Classy Korean looks great, but is proving to be a car of two halves for our publishing director
Football pundits would love the latest addition to our long-term fleet, as the Hyundai ix35 is a car of two halves!
Let’s start at the front, because when I first saw the ix35 in the pages of Auto Express, I was impressed with its styling – and I was only too pleased to discover that I’d be running the new 1.7 CRDi model when it arrived in our car park just before Christmas last year. And I am pleased to say that it looks even better in the metal than it does on paper.
First impressions were good, and the cabin did nothing to change my mind. Thoughtful touches, like illuminated switches for the stereo and cruise control on the steering wheel, make the first few days with any new car pass more easily, and I wasn’t forced to grope about in the dark looking for the necessary controls.
The tall seating position also delivers superb forward visibility, which is ideal around town. Mind you, it’s not perfect because when you look over your shoulder, the sweeping rear windows taper towards the back. While this does wonders for the styling, rearward visibility is compromised.
All is not lost, though, as our Premium model is fitted with the optional Media Pack, which includes a handy rear-facing camera. Simply select reverse and you get a clear image on the central display, which makes it easy to park the ix35 in the tightest of spots.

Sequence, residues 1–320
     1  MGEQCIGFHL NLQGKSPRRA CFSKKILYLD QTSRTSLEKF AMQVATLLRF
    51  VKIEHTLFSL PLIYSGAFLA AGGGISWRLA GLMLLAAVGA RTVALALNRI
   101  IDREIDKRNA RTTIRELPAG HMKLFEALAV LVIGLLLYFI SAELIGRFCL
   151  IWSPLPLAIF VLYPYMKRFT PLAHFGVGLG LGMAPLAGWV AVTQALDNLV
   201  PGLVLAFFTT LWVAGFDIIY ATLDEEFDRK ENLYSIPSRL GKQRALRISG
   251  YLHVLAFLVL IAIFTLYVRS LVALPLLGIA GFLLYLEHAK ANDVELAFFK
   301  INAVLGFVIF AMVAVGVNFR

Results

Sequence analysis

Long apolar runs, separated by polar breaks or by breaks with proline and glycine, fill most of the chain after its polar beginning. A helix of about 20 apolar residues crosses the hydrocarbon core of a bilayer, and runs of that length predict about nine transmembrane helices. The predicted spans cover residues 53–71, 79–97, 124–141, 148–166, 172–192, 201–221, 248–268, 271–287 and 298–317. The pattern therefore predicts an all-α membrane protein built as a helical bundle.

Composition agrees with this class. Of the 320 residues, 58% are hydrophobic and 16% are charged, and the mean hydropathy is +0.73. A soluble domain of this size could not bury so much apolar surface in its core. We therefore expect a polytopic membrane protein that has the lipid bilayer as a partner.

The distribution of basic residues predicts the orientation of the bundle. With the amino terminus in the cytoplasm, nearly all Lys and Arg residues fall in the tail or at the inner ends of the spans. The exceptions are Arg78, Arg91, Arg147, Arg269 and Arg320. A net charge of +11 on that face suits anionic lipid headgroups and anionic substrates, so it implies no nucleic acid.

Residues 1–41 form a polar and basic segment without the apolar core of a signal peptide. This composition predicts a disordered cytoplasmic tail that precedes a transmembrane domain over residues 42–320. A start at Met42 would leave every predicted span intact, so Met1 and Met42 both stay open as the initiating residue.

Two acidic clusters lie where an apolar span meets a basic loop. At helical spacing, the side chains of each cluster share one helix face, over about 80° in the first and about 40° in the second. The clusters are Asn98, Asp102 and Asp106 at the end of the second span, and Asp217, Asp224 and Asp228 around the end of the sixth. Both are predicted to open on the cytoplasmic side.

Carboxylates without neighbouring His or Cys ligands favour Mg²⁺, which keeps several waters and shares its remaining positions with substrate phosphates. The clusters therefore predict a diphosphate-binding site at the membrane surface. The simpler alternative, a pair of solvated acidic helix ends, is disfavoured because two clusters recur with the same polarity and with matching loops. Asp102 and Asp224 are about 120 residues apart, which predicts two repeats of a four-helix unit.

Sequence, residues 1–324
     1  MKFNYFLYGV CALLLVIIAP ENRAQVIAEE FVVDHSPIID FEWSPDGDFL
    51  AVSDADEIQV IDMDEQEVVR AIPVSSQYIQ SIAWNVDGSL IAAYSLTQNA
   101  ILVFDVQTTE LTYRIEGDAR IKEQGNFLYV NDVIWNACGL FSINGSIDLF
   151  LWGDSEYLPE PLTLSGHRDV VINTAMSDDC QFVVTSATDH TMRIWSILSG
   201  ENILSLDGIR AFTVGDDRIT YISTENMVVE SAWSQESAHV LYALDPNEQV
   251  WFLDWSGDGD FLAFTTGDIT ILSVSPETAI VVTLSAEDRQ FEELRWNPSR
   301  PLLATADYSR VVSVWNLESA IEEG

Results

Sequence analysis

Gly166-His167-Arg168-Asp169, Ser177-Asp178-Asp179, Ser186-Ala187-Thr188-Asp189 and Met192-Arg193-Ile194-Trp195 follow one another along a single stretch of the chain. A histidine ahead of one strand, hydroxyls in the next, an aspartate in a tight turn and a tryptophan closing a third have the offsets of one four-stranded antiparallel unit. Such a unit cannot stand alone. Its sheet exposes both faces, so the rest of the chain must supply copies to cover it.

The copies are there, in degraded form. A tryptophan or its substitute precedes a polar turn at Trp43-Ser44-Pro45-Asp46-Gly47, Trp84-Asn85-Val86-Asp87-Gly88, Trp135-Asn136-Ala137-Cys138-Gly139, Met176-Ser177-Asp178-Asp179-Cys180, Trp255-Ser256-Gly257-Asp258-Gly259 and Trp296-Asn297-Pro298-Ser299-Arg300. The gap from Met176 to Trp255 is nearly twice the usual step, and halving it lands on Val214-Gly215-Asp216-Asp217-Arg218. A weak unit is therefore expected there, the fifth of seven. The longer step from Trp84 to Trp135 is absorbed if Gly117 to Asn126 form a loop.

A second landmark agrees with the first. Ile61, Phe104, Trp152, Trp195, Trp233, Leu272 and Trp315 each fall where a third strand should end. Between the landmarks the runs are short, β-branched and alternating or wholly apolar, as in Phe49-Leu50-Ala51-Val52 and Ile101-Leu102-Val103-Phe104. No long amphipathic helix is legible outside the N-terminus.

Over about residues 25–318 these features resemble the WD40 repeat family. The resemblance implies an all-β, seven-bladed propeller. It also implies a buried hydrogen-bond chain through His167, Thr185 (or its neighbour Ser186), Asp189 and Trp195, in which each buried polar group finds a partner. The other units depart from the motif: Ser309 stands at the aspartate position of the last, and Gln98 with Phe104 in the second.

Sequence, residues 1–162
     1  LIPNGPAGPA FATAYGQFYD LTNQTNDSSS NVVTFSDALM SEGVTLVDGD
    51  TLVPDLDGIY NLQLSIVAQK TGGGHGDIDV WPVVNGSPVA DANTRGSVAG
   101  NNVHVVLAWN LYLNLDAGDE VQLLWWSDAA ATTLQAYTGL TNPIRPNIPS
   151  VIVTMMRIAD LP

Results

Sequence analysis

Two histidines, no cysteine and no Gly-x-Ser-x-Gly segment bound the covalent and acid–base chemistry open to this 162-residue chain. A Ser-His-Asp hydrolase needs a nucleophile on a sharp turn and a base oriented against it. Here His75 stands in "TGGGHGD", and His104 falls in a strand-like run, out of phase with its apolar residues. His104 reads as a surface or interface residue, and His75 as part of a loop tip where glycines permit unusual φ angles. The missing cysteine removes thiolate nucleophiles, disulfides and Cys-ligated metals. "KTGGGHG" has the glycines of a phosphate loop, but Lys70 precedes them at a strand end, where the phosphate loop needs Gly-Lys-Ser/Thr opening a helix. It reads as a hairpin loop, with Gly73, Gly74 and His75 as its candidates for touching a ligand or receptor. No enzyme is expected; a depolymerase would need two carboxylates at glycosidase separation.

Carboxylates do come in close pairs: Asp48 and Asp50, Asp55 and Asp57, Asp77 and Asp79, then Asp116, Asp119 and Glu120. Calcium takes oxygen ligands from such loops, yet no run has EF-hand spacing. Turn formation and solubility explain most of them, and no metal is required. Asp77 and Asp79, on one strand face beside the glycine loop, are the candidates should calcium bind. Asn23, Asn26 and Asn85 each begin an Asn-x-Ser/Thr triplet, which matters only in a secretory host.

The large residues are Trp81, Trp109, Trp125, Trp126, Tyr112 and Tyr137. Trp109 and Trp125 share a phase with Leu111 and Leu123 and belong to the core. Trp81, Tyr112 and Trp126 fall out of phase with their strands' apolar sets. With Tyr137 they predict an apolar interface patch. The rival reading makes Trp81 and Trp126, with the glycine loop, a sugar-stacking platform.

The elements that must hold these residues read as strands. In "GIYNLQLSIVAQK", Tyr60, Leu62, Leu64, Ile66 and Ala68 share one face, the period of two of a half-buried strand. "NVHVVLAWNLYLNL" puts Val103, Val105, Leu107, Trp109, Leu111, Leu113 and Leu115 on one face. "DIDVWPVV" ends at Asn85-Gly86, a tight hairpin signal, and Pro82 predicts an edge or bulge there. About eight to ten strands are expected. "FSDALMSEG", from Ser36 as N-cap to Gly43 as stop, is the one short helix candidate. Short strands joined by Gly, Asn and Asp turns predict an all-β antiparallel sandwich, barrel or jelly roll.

Car group tests
- Hyundai ix35 Fuel Cell: new hydrogen car driven in the UK
- Hyundai ix35 Premium SE
- Hyundai ix35 fuel cell prototype
Used car tests
My affection for the Hyundai grew stronger after spending some quality time behind the wheel. The six-speed manual gearbox is excellent and given the ever-rising cost of fuel, the helpful gearshift indicators provide welcome prompts that will help me to make the most of the 1.7-litre diesel engine’s economy.
After just a few weeks, I was smitten with the new powerplant. It is smooth, capable and has minimal turbo lag when you apply the throttle. The build quality, as we have come to expect from Hyundai these days, is also excellent and the layout of the dials is very good. The sat-nav impresses, too, but as someone who doesn’t appreciate a bossy voice telling me what to do at every turn, the fact that you have to switch off the system’s audible guidance every time you input a new destination is a little frustrating.
On the plus side, with an iPod and a USB socket, plus two 12-volt plugs in the central console (and another in the boot), the ix35 easily satisfies my electronic needs.
At the end of January, I returned to work after an early holiday, and that’s when the game began to change. When I came to strap the child seats for our two girls in the back, I really noticed the difference between the ix35 and the Renault Scenic that preceded it on the Burnay driveway.
The Hyundai is a big car, but there isn’t a huge amount of space inside. In reality, the crossover model doesn’t claim to be an MPV like the practical Scenic, so I shouldn’t be surprised, but I’m always amazed at the relatively modest load area every time I raise the tailgate.
Admittedly, this probably says more about how much clutter we have grown used to carrying about with us, and less about the Hyundai’s load-carrying credentials. I look forward to seeing how it copes over the months ahead. To coin another football cliché, it’s still early doors, after all...
“The ix35 is a great exampleof how much Hyundai has improved in the last few years. Good to drive and well built, it hold lots of appeal. An unlimited mileage five-year warranty makes it a fine ownership prospect.”
Senior Road Tester